Monday, 21 July 2014

RIP: GRO Ireland's credibility (2014-2014)

There's a great phrase often used in life, when a spectacular failure that could be entirely foreseen just wasn't, and all credit is subsequently given for the failure to the organiser.

"He couldn't organise a piss up in a brewery."

To clarify... this is a great piss up, the example being the night before my brother's wedding in Portsmouth last year:

And this, then, would be your average brewery:

With enough beer, participants, and permission to be allowed in the said brewery, it would indeed be entirely possible to organise such an event very easily. You just have to ask the right questions, find some thirsty folk, and then let rip until daybreak... anyone could do it!

Unless you happen to be the General Register Office of Ireland.

For almost a year the GRO from the Republic of Ireland has been promising enhanced indexes online for state issued certificates for births, marriages and deaths from 1845 to the present day, all with added and enhanced information, designed to bring Irish genealogy resources well and truly into the 21st century. Surely not, many cried, such an act would be like finding and then hiring Moses to part the Red Sea again - a tad tricky? And yet, a couple of weeks back, they delivered, and on Irish Genealogy ( the indexes arrived. A grateful nation wept tears of joy.

Except... the GRO forgot to ask if it was OK to put the information online.

The Irish Genealogy site put a note up a few days ago to say that the database was currently unavailable. The Information Commissioner in Ireland, Billy Hawkes, has since been quoted in today's Irish Times as saying that “it will stay down until we sort out what exactly has gone wrong", for although "a lot of the stuff on the site is harmless – it’s about dead people", it's quite a different issue when putting info online about those still alive. His judgement is apparently that someone has “missed the plot” in doing so. The article is at, with a follow up at discussing the fears of identity theft that the database would apparently be open to abuse for.

Such fears have prevented the ScotlandsPeople site ( from issuing detailed indexes for recent records that do not fall within certain closure periods (100 years for births, 75 for marriages, 50 for deaths) - it only provides basic indexes that have enough information to order the relevant certificate for those already in the know. The Northern Irish GENI site (, launched recently, just does not provide any recent indexes at all, only records older than the same employed closure periods. The English and Welsh GRO however, does provide indexes up to 2005 online (via various third parties), but provides no further indexes online beyond that date for privacy reasons. All these bodies have at least considered what is acceptable online. Not GRO Ireland it seems...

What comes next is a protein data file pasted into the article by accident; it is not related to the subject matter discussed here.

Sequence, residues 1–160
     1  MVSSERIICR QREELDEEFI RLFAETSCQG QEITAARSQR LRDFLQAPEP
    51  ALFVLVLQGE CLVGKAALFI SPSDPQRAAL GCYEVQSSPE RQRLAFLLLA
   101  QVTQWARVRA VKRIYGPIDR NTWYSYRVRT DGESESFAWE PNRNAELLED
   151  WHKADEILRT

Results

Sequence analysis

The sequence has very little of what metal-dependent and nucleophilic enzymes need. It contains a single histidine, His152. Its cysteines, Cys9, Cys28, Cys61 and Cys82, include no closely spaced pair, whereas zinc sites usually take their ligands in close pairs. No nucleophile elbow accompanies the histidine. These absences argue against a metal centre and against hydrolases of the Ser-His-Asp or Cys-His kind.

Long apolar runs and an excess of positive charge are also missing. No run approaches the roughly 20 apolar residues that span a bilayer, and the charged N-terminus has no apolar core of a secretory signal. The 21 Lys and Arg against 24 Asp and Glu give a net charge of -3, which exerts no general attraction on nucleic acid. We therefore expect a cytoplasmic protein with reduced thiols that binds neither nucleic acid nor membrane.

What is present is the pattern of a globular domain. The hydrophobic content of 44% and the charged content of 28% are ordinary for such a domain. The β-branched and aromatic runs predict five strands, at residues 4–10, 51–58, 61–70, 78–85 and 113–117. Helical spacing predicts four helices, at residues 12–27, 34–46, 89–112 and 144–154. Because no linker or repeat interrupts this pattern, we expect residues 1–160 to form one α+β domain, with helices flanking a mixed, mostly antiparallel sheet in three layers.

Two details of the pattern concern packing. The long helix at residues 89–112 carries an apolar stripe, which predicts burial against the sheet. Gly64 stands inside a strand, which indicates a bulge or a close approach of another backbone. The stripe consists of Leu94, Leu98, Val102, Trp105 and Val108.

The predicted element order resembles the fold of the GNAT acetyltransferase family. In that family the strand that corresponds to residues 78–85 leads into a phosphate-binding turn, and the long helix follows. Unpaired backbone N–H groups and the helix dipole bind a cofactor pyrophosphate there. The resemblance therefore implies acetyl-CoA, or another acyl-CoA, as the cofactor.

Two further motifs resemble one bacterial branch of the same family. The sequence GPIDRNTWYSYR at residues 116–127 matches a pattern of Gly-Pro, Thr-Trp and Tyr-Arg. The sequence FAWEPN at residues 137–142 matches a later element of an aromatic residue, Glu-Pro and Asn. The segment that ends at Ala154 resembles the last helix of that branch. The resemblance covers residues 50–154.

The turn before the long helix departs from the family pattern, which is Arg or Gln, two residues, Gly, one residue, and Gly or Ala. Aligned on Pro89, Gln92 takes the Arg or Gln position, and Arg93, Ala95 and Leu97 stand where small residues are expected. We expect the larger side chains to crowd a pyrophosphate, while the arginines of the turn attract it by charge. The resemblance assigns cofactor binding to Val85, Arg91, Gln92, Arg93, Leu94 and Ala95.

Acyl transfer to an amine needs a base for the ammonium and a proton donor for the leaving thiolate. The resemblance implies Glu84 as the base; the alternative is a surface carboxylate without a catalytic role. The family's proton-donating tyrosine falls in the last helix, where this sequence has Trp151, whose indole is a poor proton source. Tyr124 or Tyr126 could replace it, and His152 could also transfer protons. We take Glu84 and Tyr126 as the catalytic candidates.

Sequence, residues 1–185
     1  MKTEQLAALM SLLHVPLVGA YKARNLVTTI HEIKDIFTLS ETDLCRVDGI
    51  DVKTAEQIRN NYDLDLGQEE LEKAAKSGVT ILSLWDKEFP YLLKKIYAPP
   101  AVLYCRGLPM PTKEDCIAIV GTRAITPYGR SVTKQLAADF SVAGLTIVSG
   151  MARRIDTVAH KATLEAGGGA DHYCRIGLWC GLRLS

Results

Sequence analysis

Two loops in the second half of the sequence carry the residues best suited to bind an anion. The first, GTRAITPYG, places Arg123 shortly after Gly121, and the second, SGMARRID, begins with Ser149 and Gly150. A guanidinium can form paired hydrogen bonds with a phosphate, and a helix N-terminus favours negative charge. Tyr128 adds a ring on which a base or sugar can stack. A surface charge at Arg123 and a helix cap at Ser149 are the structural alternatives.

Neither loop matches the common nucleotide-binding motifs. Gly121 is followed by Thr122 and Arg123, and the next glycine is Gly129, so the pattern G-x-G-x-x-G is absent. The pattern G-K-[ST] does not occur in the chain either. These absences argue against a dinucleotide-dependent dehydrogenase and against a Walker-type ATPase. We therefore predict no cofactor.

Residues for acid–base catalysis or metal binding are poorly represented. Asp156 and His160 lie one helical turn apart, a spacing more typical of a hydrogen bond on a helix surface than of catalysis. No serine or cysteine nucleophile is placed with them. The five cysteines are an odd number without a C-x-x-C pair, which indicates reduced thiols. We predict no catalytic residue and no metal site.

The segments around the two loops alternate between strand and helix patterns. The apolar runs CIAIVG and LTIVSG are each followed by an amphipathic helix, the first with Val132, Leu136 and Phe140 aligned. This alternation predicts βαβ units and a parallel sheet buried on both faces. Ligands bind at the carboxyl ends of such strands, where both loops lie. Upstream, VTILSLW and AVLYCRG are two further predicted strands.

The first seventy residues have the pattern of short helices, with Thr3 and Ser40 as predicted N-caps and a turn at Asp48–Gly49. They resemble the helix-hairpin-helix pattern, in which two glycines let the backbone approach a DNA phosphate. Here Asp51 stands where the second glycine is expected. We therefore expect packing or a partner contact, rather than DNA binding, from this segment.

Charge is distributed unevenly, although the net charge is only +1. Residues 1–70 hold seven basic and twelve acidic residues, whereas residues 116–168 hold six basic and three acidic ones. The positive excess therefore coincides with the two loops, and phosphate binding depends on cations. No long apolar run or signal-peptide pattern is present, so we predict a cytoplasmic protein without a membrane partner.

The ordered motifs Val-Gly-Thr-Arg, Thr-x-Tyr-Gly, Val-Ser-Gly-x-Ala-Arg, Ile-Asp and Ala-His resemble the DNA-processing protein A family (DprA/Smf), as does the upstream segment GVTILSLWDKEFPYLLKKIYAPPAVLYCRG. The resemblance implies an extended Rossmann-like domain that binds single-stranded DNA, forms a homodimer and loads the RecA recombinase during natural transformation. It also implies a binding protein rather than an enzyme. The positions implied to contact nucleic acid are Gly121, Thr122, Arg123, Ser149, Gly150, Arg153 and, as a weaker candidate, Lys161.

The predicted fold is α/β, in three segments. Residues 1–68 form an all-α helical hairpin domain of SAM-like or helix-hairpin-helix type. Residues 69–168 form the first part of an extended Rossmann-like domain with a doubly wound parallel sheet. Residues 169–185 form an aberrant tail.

In summary, the GRO in Ireland, and its government partners at Irish Genealogy, have screwed up in unbelievable proportions. As such, they should probably not be contacted to organise parties in establishments that produce booze - just in case you were thinking of asking them to do so.

(With thanks to Nicola Elsom and Colin Gronow via comments on my last story on this a few days back, but in particular to Claire Santry's Irish Genealogy News blog - see Claire's take on the situation at


Now available for UK research is the new second edition of the best selling Tracing Your Family History on the Internet: A Guide for Family Historians, whilst my new book British and Irish Newspapers is also now out. And FindmyPast - please reinstate the original Scottish census citations on your new site.


  1. With the size of the Irish diaspora the potential for Irish genealogy could be so great ...
    It's all very well to say "well visit and look up the actual records", but if I am going to the cost of a visit, I do want to plan something out in advance by reference to on-line catalogs, indices or records.
    At the moment apart from the 1901 and 19011 Census, It all seems too difficult.

  2. My book "Tracing Your Irish Family History on the Internet" may help! (See

    On a serious point, a lot of good stuff is online, but from further back, the issue is in connecting from the present day back to 1901 and 1911 censuses for many. It's fair to say that I have been non-stop on my Northern Irish lines in the last six months thanks to many innovations by PRONI and GRONI, the tragedy is that the government in Dublin can't get its act together for the south. This new GROI index had the potential to revolutionise Irish genealogy, and it is nothing short of tragic that they've gone and screwed it up by such a classic mess.

  3. I'm glad I had the time to search the database before it disappeared.It was a fab resource.

  4. Reminds me of when FamilySearch first placed the images for the Irish BMD indexes online from 1845-1958 - they were there for less than a week, when they were suddenly asked to take them down, leaving only the transcribed database. The irony is tragic.